First-Line Therapy Options for mCRPC


An expert oncologist outlines first-line treatment options for patients with metastatic castration-resistant prostate cancer (mCRPC).

Case: A 65-Year-Old Man With Prostate Cancer

January 2018

Initial Presentation

  • A 65-year-old man was diagnosed with localized prostate cancer
  • Biopsy revealed adenocarcinoma of the prostate gland, Gleason score 7 [4+3]
  • PSA 15.7 ng/mL
  • Baseline staging: T3bN1M0 with right seminal vesicle and pelvic lymph node involvement

Initial Treatment

  • He undergoes radical prostatectomy with PLND
    • PSA nadir of 0.4 ng/mL post-surgery
    • Gleason 7 (4 + 3) confirmed
    • Positive surgical margins
    • Baseline staging confirmed – AJCC Stage IVA

February 2019

Follow-Up Notes

  • Serum PSA, 38 ng/mL; ALP, 289 IU/L
    • Metastatic retroperitoneal LNs outside resection field
    • Abdominal nodes
    • Bone mets in ribs and thoracic spine
  • Genetic testing: BRCA2 mutation-positive

Additional Treatment

  • Abiraterone + prednisone initiated
  • Improved pain, PSA, and ALP

October 2019

Follow-Up Notes

  • Patient reported bone pain
  • Laboratory testing revealed rising PSA and ALP (serum PSA, 350 ng/mL; ALP, 2500 IU/L)
  • Imaging showed radiologic progression
  • ECOG PS 1
  • PSMA PET CT: increased uptake in retroperitoneal and abdominal LNs

mCRPC Treatment

  • Treated with docetaxel x4 cycles and denosumab
    • Serum PSA, 38 ng/mL; ALP, 289 IU/L
    • Reporting bone pain increased in back, now reporting pain in hip area
  • Bone scan and CT scan:
    • Enlargement of retroperitoneal and abdominal LNs
    • Additional bone mets noted in pelvic region


Daniel J. George, MD: When I have a patient that is diagnosed with metastatic CRPC [castration-resistant prostate cancer], first-line treatment options are predicated on a couple of factors. The first is, what were their prior treatments. To be metastatic castrate-resistant, you’ve had to had androgen deprivation therapy. But in that earlier disease settings, patients could be also treated with several other therapies, from androgen receptor inhibitors or androgen biosynthesis inhibitors, to chemotherapies, to even investigational agents. These are important considerations in the selection of our first line for metastatic CRPC.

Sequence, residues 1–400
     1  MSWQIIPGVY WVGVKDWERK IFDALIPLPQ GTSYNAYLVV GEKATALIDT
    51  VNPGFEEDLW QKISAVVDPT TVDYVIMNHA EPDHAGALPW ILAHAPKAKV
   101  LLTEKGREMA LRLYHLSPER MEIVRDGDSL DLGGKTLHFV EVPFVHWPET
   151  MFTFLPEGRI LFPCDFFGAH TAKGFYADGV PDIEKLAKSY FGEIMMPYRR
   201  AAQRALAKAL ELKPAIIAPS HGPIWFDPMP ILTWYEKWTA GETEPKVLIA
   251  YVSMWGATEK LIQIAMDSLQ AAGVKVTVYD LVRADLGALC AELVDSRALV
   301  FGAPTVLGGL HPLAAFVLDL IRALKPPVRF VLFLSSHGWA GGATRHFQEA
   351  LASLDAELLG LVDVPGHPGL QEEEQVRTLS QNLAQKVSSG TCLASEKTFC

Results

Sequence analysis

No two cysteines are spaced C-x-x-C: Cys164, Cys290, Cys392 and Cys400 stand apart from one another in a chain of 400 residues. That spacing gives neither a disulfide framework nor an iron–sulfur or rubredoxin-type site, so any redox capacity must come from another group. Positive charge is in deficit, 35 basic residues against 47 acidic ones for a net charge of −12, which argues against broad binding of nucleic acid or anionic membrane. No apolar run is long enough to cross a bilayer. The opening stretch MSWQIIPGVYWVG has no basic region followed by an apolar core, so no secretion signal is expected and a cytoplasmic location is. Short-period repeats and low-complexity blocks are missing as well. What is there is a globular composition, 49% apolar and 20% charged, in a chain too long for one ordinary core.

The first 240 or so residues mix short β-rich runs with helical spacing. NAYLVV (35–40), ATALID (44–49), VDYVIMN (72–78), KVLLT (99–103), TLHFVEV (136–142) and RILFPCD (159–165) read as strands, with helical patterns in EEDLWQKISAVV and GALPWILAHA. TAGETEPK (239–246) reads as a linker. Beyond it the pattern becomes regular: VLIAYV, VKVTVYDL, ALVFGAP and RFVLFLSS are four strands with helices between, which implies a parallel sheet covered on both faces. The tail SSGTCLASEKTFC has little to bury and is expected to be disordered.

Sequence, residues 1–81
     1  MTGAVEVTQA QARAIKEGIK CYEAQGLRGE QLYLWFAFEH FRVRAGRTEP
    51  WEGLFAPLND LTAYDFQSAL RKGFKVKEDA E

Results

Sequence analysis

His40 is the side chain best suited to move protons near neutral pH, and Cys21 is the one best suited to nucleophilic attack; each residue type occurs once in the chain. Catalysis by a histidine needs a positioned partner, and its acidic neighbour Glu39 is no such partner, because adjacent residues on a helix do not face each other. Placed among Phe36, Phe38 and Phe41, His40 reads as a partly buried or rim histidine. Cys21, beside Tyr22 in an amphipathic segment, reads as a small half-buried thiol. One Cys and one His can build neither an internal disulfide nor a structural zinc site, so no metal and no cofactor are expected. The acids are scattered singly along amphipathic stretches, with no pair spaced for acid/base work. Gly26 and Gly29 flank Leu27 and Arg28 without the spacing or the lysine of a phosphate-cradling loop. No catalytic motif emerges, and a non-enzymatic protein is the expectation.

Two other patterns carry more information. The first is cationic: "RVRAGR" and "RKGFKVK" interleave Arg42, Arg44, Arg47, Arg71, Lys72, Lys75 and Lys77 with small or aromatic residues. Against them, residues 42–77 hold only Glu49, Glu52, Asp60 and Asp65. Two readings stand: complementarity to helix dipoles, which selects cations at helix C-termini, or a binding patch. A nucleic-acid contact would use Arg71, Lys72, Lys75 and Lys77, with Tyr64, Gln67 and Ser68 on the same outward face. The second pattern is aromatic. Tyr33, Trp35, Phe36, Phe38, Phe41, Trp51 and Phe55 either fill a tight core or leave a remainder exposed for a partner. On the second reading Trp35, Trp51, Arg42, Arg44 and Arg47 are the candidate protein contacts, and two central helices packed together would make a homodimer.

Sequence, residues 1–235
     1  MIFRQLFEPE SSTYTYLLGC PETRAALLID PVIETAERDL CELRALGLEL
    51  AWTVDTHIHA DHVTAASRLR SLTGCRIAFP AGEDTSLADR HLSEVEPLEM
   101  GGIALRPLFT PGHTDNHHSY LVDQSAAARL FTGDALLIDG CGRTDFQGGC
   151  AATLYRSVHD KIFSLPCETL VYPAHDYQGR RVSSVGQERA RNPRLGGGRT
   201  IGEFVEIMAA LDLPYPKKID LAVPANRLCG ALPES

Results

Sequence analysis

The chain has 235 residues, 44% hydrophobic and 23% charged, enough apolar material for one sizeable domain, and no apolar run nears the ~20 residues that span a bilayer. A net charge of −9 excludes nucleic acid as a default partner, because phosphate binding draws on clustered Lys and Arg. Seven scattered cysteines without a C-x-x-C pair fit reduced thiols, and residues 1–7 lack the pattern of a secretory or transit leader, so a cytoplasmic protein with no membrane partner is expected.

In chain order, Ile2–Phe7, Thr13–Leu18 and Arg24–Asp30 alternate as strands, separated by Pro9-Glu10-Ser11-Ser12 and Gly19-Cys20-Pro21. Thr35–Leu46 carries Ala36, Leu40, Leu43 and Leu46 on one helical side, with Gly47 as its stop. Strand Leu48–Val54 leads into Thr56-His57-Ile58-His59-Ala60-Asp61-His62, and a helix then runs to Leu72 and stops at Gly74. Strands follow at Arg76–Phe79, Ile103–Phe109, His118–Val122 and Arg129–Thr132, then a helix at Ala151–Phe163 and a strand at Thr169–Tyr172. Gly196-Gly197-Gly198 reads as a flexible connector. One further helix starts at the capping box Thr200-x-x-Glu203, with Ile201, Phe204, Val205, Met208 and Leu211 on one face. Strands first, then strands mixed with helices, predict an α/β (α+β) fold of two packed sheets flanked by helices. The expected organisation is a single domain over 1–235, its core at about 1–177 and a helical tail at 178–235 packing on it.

I like to also think about the disease burden that patients have and the disease course. If this is rapid progression from initial hormonal therapy to castration resistance, they’re much more likely to have a resistant biology to other hormonal manipulations. If this is somebody that has relatively slow progression and low-volume disease, they’re patients that may respond to additional hormonal manipulations, or even immunotherapies, like sipuleucel-t. These are some of my considerations.

Then the other end of the spectrum would be our symptomatic high-volume patients, patients like this gentleman that we presented, where painful bone metastases is a phenotypic characteristic of their disease and something that’s affecting their quality of life. It’s also highly prognostic, and it’s why we chose a cytotoxic therapy like docetaxel in this case. To me, those characteristics, what they had for prior therapies, the pace of disease and the volume and symptoms of disease, determines my approaches.

When I can, I’ll use secondary hormonal therapies as a frontline agent if they’ve not received that before, or if they received it in the past and had a break and had a very slow progression, this is a treatment of choice along with immunotherapy. If they’ve got more higher volume, symptomatic disease, and they’ve had that novel hormonal agent already, then I’m more likely to choose a cytotoxic therapy like chemotherapy or a radiopharmaceutical. Then if they haven’t had a novel hormonal agent yet in the metastatic castrate-resistant space, those are the patients where I feel good about starting a novel hormonal agent on them. We also consider clinical trials of course in this space, but where I feel confident they have a high likelihood of benefiting from that frontline novel hormonal agent.

Transcript edited for clarity.

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